|Ghana has lost nearly GHc 6 billion over a three year period, according to a report from policy think tank, IMANI Africa. The amounts were officially reported missing or misused between 18 ministries, departments and agencies (MMDAs), and 19 public boards and institutions.
The report also implicated 10 polytechnics and pre-University Educational institutions. “There were five different categories of irregularities and all of these when combined amounted to GHc 5.9 billion of the period of three years,” IMANI Africa’s Communications Analyst, Isidour Kpotufe told Citi News.
Mr. Kpotufe also observed that, the amount could have catered for 80% of Ghana’s donor support in the delivery of potable water, and end Ghana’s perennial electricity problems among others. He lamented that, there still existed problems with the country’s systems which has weak sanction regimes for people cited for financial malfeasance. Mr. Kpotufe said, “It tells you that there is something wrong with the system and if you ask me, we have to strengthen the sanction regime or the punitive measures. When people engage in acts of irregularities, do we just allow the Auditor General to come out with a report and complain? Is that what we want?” “The reports say that these monies that are being lost could have been used to build water projects and stop the dependency on foreign donors. These monies could have been used to stop ‘dumsor’ [power crisis] and the power crisis we are witnessing today.”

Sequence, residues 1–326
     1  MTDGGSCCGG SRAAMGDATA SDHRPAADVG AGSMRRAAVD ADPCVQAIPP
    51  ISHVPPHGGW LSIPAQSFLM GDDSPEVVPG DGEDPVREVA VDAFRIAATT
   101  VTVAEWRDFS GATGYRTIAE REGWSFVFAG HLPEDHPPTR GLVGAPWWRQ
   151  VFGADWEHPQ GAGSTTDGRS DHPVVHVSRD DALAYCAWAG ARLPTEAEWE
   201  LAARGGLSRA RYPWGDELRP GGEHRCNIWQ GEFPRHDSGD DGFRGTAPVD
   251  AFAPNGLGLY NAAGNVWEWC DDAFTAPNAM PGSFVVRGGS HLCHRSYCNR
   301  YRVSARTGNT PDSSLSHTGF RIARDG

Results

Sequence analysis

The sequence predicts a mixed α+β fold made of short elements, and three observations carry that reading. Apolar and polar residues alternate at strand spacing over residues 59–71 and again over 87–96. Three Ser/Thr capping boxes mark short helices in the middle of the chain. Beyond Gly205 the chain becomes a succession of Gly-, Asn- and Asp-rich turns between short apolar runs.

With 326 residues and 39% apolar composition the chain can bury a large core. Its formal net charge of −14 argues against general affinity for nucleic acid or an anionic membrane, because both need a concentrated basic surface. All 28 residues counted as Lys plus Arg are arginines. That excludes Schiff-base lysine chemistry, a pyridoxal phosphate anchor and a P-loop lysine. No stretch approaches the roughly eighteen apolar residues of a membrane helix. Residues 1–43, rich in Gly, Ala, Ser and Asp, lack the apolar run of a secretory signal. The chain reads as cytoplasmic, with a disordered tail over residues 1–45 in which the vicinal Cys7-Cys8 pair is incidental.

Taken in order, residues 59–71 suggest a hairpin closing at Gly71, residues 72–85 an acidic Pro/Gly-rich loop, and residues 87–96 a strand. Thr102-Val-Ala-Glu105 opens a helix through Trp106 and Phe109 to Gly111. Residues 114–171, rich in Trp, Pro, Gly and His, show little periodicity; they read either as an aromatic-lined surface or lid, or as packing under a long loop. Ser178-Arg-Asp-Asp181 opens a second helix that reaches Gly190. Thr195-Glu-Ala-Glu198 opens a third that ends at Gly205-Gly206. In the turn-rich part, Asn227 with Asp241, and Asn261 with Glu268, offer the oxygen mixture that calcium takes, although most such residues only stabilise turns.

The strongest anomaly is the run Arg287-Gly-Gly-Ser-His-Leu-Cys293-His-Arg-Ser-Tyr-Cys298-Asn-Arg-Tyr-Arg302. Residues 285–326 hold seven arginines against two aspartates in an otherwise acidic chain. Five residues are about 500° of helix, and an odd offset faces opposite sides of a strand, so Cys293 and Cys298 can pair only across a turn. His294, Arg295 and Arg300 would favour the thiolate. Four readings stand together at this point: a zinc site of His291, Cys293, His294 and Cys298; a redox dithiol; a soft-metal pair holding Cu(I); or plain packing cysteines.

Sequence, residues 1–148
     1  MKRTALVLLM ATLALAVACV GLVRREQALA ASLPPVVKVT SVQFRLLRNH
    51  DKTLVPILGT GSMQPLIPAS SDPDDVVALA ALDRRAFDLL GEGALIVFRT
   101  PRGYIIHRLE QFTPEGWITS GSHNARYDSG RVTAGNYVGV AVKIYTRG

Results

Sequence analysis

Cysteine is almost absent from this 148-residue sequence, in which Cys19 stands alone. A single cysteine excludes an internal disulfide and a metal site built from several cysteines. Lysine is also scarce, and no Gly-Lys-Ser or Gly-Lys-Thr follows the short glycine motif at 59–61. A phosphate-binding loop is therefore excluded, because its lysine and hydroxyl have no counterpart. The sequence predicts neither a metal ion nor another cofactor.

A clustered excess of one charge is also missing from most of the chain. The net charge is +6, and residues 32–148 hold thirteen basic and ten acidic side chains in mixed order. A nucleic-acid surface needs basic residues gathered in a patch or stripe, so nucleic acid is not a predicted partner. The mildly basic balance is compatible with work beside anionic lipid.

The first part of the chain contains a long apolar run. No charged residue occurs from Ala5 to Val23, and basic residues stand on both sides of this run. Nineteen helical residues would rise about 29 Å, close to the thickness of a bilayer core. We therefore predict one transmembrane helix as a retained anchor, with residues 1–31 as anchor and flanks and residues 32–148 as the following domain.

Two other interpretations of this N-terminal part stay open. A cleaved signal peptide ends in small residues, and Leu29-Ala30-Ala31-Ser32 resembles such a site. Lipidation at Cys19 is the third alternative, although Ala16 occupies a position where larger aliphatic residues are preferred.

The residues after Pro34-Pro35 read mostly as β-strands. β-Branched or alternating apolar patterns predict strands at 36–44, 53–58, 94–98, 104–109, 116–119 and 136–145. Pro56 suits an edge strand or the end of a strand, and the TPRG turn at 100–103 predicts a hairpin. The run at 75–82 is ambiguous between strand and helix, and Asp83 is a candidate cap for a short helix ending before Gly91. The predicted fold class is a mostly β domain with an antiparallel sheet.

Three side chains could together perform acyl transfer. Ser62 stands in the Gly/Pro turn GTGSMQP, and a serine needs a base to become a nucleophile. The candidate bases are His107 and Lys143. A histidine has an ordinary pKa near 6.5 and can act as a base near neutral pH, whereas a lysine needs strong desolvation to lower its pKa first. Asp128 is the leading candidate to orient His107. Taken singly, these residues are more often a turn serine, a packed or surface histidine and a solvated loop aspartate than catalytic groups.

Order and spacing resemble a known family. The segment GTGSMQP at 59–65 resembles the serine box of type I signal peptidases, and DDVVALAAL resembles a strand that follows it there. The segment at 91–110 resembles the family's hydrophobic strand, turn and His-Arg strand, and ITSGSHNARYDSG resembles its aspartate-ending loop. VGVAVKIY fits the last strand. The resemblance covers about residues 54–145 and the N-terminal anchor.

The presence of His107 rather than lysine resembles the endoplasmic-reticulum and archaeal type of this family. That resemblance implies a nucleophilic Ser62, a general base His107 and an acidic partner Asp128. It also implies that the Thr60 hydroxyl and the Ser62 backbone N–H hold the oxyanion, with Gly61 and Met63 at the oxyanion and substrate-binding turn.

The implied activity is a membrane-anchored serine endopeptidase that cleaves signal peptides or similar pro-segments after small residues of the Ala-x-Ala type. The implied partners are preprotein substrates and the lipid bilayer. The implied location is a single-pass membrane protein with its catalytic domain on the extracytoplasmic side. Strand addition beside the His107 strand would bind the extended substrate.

Auditor General sued
On the point of stricter enforcement of sanctions, Pressure Group Occupy Ghana, sued the Attorney General and the Auditor General for refusing to surcharge persons who were said to have misappropriated monies belonging to the state. According to Occupy Ghana, a thorough study of the Auditor General report revealed that, between 2003 and 2014, the total losses the state incurred in “irregularities” arising from Government Ministries, Departments and Agencies was about GH¢2,448,968,912.29.
Notable instances of financial malfeasance Earlier in 2016, the Public Utilities Regulatory Commission (PURC), was indicted in the Auditor General’s report for blowing GHc 99, 663 on the distribution of Christmas hampers. According to the report, the amount was expended on such items “during the 2012 Christmas and New Year break.” The Auditor General also uncovered the use of unaccounted cash to the tune of GHc 1.5 million by a cashier of the Ghana Railway Company limited.